Nic is troubled, and therefore trouble, but Cooper has not tried to make her sympathetic; indeed, she becomes less sympathetic with time. One doesn't root for her so much as root for her to get over herself.

"Beef" doubles down on that effect, pitting Ali Wong's Amy and Steven Yeun's Danny in a war in which it is impossible to take sides, as both are completely aggravating. They meet "not cute" in a shopping center parking lot. Danny is already on edge, having unsuccessfully attempted to return some items whose meaning will become significant later on — a smarter viewer than I might deduce their importance right away. Pulling out of a parking space, he nearly backs into Amy's car; she honks and flips him off. He decides to follow her, to say his irate piece. It's the rare series that begins with a car chase.

He doesn't catch her. Where any reasonable person would end this misadventure there, and be thankful they came out of it alive and not arrested, Amy and Danny manage to escalate it into a war, tracking each other down, vandalizing one another's lives. (He urinates on her bathroom floor; she tanks his business with bad Yelp reviews. She paints insults on his car; he tries to set hers on fire.)

They are painted in stark contrasts — Danny is single, struggling to keep afloat as a handyman (he prefers "contractor"), living in a small apartment with his amiable slacker brother Paul (Young Mazino), who expects crypto to make him rich.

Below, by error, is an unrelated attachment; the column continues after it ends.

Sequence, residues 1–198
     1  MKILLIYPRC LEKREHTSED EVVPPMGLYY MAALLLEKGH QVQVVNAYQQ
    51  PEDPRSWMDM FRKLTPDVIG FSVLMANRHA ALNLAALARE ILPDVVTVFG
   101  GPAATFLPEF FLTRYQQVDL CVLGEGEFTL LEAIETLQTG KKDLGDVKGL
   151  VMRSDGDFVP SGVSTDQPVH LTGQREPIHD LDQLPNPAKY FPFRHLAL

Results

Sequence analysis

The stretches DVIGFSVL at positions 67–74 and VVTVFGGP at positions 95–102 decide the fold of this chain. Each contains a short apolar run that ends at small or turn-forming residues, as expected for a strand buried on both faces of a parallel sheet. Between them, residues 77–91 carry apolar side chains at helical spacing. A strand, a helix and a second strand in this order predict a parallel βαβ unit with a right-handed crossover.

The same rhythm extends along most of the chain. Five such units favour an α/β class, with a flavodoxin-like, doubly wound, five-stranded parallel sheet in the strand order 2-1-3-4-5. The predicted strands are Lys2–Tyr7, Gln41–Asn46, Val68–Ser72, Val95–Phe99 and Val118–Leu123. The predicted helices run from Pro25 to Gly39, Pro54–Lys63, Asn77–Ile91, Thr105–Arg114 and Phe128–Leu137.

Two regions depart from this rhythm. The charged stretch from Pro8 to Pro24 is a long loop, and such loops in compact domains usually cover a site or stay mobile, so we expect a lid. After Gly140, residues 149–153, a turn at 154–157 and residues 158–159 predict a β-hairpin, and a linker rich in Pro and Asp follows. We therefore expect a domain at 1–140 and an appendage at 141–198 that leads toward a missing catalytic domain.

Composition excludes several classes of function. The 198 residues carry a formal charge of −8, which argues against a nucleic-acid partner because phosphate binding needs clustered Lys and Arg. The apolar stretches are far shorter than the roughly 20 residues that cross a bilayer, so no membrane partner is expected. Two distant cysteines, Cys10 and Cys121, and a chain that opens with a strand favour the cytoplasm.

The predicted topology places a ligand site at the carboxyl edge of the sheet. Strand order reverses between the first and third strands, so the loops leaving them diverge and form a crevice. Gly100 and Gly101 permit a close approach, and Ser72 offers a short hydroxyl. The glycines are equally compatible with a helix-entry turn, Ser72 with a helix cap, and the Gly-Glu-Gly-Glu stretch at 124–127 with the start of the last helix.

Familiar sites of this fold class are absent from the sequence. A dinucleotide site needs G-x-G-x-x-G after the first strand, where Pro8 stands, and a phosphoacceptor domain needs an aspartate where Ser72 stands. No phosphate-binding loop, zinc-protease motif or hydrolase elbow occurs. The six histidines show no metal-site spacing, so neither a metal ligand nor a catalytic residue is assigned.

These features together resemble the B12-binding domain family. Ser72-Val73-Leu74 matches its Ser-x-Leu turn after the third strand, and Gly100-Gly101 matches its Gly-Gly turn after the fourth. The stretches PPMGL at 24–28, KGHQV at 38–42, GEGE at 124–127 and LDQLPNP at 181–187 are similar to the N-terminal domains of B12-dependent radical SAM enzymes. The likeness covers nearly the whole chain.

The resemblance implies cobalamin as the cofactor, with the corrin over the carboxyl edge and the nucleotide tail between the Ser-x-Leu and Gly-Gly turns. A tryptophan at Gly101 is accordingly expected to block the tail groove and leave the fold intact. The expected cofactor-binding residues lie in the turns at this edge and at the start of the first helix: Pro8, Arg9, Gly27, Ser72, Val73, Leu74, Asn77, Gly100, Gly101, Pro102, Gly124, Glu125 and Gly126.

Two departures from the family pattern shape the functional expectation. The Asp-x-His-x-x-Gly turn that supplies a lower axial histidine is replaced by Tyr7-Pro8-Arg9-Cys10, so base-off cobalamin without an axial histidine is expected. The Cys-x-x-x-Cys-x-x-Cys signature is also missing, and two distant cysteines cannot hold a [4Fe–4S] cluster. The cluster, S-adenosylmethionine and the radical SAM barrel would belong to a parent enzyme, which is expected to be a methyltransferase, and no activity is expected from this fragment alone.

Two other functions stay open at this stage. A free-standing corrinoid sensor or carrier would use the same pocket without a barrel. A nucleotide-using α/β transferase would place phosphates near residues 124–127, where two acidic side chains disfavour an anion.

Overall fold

Amy is married with a child; her stay-at-home husband (Joseph Lee) is the untalented son of a famous artist-designer, along the lines of Isamu Noguchi, who makes awful blobby ceramic vases. She's well-to-do and about to sell her company for $10 million, which has her stressed; she hopes to be able to work less, count her money and spend time with the daughter she's been too busy to know.

Yet they have enough in common that one might think they could be friends: Each is frustrated with life, work, their domestic arrangements, their parents; depressed; and sublimating their anger except as regards the other. They're unable to see straight. One wants to shake them both.

"Beef" is not so much a comedy — characters, including a large supporting cast, act outlandishly, outrageously, but there aren’t a lot of jokes — as what one might call a farcical drama. (The first episode is titled "The Birds Don't Sing, They Screech in Pain," paraphrasing Werner Herzog in Les Blank's "Burden of Dreams.") People sneak around, hide, misrepresent themselves, connect under mistaken or false pretenses. Schemes and plans, some of them extra-legal, go awry.

When not attempting to humiliate or sabotage one another, Danny and Amy do a good job of humiliating and sabotaging themselves. Most every adult character has feet, and possibly ankles, calves or thighs of clay. That Amy's husband is first seen in bicycle gear and says things like, "Maybe we should start doing gratitude journals again," or that Jordan (Maria Bello), who is negotiating with Amy to buy her company, excuses herself to attend a "housewarming in Nepal," tells us (not quite) all we need to know about them.

Given that the series begins in an explosion of rage, which subsequent episodes will only magnify, the sympathetic viewer can hope only that the antagonist-protagonists make some sort of emotional progress. You dearly want them to because, thanks to the writing and acting, they’re real enough to care about. But like Lucy pulling the football endlessly away from an ever-trusting Charlie Brown, "Beef" delights in crushing that hope, repeatedly snatching antipathy from the jaws of reconciliation.

The bulk of the series consists of two people acting foolishly, every step forward followed by a giant leap back, again and again and again. And again. Yet if you hang on, some light finally does break in. (Even then, the show will toy with you.) And at long last, you might call it a comedy.

This story originally appeared in Los Angeles Times.